When the other particles that make up the stuff of the universe — protons, neutrons, electrons and so on — interact with the Higgs field, they acquire the trait known as mass. More-massive objects get tangled up in the field more than less-massive objects.

One way to think of the Higgs field: It’s the water the entire universe swims in.

A photon, which is a light particle, has no mass because it zips through the Higgs ocean without interacting with it. Light speed is the cosmic speed limit for this reason — because nothing can have less-than-zero interaction with the Higgs field. (Mass can then be described as the quality that keeps everything from moving at the speed of light.)

A neutrino has an extremely small mass — it moves at nearly the speed of light (and not faster, as some European scientists suggested last year erroneously before finding that a loose cable was the culprit for their weird results). Ordinary matter that makes up the bulk of stars, planets and human beings is relatively massive. The most massive particles move like someone trying to walk through neck-high water.

The CERN physicists did not see the new particle directly, because it disintegrates too quickly. Rather, they divined its existence from sifting through the debris of trillions of high-energy subatomic collisions, and then searching for clues that the Higgs had been there. It’s like divining the presence of an elusive snow leopard by studying thousands of crisscrossed paw prints.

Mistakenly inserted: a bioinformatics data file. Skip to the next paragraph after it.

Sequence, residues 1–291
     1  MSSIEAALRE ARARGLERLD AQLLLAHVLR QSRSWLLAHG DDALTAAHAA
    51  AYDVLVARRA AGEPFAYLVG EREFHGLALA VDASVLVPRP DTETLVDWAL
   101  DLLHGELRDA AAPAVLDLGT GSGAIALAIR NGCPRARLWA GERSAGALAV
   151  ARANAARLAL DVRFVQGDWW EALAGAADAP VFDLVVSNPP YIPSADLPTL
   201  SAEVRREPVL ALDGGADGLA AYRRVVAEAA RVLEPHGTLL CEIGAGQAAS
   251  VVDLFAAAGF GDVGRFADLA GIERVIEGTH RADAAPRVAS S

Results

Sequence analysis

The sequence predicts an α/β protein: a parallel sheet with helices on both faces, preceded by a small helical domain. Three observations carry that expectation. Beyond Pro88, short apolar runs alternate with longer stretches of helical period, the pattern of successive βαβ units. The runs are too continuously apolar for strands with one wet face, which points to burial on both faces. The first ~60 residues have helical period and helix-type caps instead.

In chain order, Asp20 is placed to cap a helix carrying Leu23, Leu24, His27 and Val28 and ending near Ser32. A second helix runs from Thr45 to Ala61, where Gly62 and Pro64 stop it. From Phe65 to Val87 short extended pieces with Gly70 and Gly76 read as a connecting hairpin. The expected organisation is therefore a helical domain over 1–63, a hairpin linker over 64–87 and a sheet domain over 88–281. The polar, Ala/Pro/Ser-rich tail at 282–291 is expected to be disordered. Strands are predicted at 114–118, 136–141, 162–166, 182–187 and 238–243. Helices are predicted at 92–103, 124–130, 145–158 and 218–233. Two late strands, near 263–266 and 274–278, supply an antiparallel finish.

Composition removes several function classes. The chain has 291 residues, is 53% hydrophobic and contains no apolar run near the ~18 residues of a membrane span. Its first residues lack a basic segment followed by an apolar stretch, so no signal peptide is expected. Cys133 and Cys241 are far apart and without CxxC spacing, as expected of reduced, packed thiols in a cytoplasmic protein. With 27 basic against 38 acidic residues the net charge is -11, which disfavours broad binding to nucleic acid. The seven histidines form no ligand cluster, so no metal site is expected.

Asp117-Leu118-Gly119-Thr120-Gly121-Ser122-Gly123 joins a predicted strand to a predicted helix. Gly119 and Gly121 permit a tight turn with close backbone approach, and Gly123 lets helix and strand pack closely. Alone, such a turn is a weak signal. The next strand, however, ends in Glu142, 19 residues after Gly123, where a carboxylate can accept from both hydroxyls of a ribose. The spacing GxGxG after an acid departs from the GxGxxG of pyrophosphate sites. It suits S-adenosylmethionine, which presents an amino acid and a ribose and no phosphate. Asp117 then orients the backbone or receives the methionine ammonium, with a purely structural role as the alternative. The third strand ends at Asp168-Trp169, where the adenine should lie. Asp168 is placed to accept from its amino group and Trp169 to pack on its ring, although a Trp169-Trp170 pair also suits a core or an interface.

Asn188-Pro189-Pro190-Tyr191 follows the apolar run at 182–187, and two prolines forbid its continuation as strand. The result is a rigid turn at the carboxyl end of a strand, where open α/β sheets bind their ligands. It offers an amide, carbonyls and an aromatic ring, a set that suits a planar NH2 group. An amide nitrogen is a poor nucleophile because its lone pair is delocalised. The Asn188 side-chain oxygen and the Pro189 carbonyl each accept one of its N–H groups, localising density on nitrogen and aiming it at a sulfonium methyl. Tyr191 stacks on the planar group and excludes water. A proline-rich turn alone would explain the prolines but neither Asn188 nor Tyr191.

But by studying these traces, the CERN physicists saw a “bump” in their data consistent with a Higgs boson.

The two independent teams from the ATLAS and CMS experiments served as cross-checks for each other. The teams, each with more than 3,000 scientists, were not to share their results before the seminar Wednesday at CERN.

The Large Hadron Collider creates beams of particles that move in opposite directions and then collide inside cathedral-size detectors that are parked in vast caverns along the tunnel. The detectors capture traces of the collisions. Inside this subatomic wreckage, both detectors saw evidence of a subatomic particle with a mass of about 125 giga-electron volts — or about 125 times the mass of a proton.